Our pastor this morning used the phrase “failure to trust” as a lynchpin in his sermon. I started thinking about how much my trust in so many things has eroded. His reference, of course, was to the trust we have or do not have in God. My thought drifted to another area, primarily my belief that people are telling me the truth. This belief, for sure, has eroded, and I don’t think that erosion is related to my cynicism increasing with age. I think it has to do with the reality that the truth has become a tool to stretch,… Continue reading
By the time the tenth anniversary of the murder of Stacey Burns rolls around (May 10, 2019) I’ll be 79 years old.
My friends and some family are telling me it is time to give up my motorcycle/scooter. I’m wondering when it is time to give up on finding out who killed Stacey Burns. I started (officially) in October, 2010, spending a week in Wolfeboro and conducting interviews with anyone who would speak with me. (There were many.) Based on those interviews and many… Continue reading
In April, 2011, I was told that the NHSP investigators in the Stacey Burns murder case (or at least one them) felt they had an eight-five percent chance of conviction in the case with a particular suspect (unnamed) at that time. It is six and half years since that off-the-record conversation. If this information was true then, and I have no reason to believe it wasn’t, a fair question might be this. Are we closer or further away, percentage wise) to that illusive conviction, or even an arrest, for that matter?
I guessing that the suspect then is the same… Continue reading
These two paragraphs complete page one of the first chapter of Murder in a Small Town: The Tragic Death of Stacey Burns.
Stacey Burns could not have anticipated how the details of this last weekend of her life would be scrutinized through so many avenues, from police interrogations to reporters’ probing, from reliable newspaper sources to wildly speculative internet blogs, from remembered conversations to embellished rumor. That weekend acts as a microcosm into Stacey’s life as a soon-to-be divorcee, even though events in her private life leading up to her brutal murder during the early morning hours of Mothers’ Day… Continue reading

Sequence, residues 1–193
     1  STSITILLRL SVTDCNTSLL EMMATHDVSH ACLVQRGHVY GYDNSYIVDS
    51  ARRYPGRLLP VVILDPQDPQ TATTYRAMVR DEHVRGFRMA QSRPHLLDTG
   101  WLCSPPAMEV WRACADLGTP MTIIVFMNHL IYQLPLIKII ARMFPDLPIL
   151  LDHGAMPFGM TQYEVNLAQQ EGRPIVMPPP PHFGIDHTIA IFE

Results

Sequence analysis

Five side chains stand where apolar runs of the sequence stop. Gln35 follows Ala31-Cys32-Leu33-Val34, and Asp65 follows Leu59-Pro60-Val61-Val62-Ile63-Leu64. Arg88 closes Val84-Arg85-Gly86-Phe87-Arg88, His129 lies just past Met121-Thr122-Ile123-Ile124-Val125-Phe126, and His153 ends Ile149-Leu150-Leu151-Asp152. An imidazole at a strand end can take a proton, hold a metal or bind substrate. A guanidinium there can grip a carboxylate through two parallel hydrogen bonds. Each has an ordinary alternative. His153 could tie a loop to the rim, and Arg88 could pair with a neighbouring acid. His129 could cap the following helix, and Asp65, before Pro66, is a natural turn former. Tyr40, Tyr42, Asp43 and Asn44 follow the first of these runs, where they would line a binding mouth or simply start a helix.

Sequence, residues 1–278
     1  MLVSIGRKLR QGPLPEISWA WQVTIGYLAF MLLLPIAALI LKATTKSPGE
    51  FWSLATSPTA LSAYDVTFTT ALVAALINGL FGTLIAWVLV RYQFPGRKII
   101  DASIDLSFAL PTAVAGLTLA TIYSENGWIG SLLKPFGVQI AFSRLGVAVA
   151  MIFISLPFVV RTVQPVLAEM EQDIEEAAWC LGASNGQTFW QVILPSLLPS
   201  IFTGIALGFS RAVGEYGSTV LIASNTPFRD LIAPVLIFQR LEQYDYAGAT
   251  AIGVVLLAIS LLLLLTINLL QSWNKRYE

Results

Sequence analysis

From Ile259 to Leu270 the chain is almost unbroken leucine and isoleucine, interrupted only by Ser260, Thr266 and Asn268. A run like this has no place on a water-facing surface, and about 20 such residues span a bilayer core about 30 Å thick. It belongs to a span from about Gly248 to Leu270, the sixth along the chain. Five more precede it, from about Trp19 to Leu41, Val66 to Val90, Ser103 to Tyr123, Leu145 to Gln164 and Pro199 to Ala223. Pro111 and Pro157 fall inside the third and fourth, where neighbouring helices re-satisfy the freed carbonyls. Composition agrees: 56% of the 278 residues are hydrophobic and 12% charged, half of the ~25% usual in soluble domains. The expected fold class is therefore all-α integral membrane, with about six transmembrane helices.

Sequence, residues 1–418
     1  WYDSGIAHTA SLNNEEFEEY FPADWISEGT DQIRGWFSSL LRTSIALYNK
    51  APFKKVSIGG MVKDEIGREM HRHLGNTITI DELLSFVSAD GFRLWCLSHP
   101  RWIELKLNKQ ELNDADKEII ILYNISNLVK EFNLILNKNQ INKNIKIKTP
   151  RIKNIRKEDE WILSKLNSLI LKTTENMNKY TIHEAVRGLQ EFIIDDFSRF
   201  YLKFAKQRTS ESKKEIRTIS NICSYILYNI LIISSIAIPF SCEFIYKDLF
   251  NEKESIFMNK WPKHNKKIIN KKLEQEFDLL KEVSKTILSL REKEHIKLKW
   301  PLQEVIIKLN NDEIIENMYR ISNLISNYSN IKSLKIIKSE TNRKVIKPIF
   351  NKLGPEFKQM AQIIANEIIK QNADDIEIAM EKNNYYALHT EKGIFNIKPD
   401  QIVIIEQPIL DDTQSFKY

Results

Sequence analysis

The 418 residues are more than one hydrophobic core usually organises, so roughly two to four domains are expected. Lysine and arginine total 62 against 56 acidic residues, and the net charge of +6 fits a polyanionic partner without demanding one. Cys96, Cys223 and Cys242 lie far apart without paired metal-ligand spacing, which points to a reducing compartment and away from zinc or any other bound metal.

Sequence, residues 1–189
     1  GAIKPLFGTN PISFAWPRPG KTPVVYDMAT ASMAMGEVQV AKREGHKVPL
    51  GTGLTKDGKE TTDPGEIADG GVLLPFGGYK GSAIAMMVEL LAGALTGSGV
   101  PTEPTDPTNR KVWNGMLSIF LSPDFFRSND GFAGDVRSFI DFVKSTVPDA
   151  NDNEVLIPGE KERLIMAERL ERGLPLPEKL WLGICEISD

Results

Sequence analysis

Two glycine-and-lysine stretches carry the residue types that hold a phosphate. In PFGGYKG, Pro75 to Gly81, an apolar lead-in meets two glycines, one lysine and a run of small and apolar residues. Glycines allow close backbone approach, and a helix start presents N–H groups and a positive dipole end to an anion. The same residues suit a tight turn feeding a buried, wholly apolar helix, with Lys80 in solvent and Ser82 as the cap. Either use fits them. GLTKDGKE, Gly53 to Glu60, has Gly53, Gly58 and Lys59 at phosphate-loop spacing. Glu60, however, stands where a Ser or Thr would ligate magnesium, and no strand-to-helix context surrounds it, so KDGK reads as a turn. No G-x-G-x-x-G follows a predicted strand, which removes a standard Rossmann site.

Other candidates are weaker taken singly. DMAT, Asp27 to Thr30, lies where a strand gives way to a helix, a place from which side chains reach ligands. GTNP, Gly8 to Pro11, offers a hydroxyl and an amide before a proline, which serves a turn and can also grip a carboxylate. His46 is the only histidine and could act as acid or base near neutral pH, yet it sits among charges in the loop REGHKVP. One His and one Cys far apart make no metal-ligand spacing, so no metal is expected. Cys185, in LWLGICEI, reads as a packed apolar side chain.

As promised in the previous post, I will occasionally be sharing small segments of my unfinished and unpublished book, Murder in a Small Town: The Tragic Death of Stacey Burns. As everyone is aware, this book will never be finished because the “Arrest/Trial/Conviction” chapters obviously cannot be written. The narrative of this story has changed over the years since I wrote the first one hundred and seventy pages or so, with angles I had not dreamed of entering the picture. However, here is how the book begins.
“In an open case, such as Stacey Ann Keane Burns, specific investigative steps that have been taken or have not been taken are not open for discussion. That includes who may have been interviewed or have not been interviewed.“
“In good conscience” is a wonderful phrase, just recently used by John McCain as he explained his vote against the current health care bill in the U.S. Senate. It’s like the “do no harm” phrase in the Hippocratic oath.
If a person truly means it, in good conscience tells us that the person has thoroughly explored an issue or an idea and has drawn a conclusion based on that exploration. McCain followed his statement with a whole litany of reasons for his position.
It doesn’t matter where John McCain stands in your political eyes. Would that we would follow… Continue reading
It’s been eleven days since I posted the “disillusionment” piece about what appears to be a lack of follow up to a tip about the Stacey Burns case that I sent to the NHSP. I’ll admit that I didn’t expect any response, not did I expect any response from the next post about five hundred and fifty people reading it.
Here is why I didn’t expect any response and this may be coming only from frustration so please bear with me. I am beginning to believe what I do not want to believe. The killer of Stacey Burns murder… Continue reading
Last time I looked, five hundred and fifty people have read my last post regarding my disappointment/disillusionment that key people in a tip about the Stacey Burns murder I sent to the NHSP early in May had not yet been interviewed. This is the most in a long time. This fact relieves a small bit of the disillusionment because it seems to say that interest in Stacey’s murder still runs high.
In May, when I first heard the information contained in the tip, I’ll confess to being a bit hesitant to share it. After all, the police have worked… Continue reading
Today, I found out that some people included in a tip about the Stacey Burns murder I sent to the New Hampshire State Police four months ago have not been interviewed. These people are part of group who I was sure would be contacted as a result of this tip. “Playing telephone tag” was mentioned as well an observation that there did not seem a deep commitment on the part of investigators to talk to them. I’m sorry to admit that this is a disappointment, not because my information was necessarily correct or accurate, but because of the apparent… Continue reading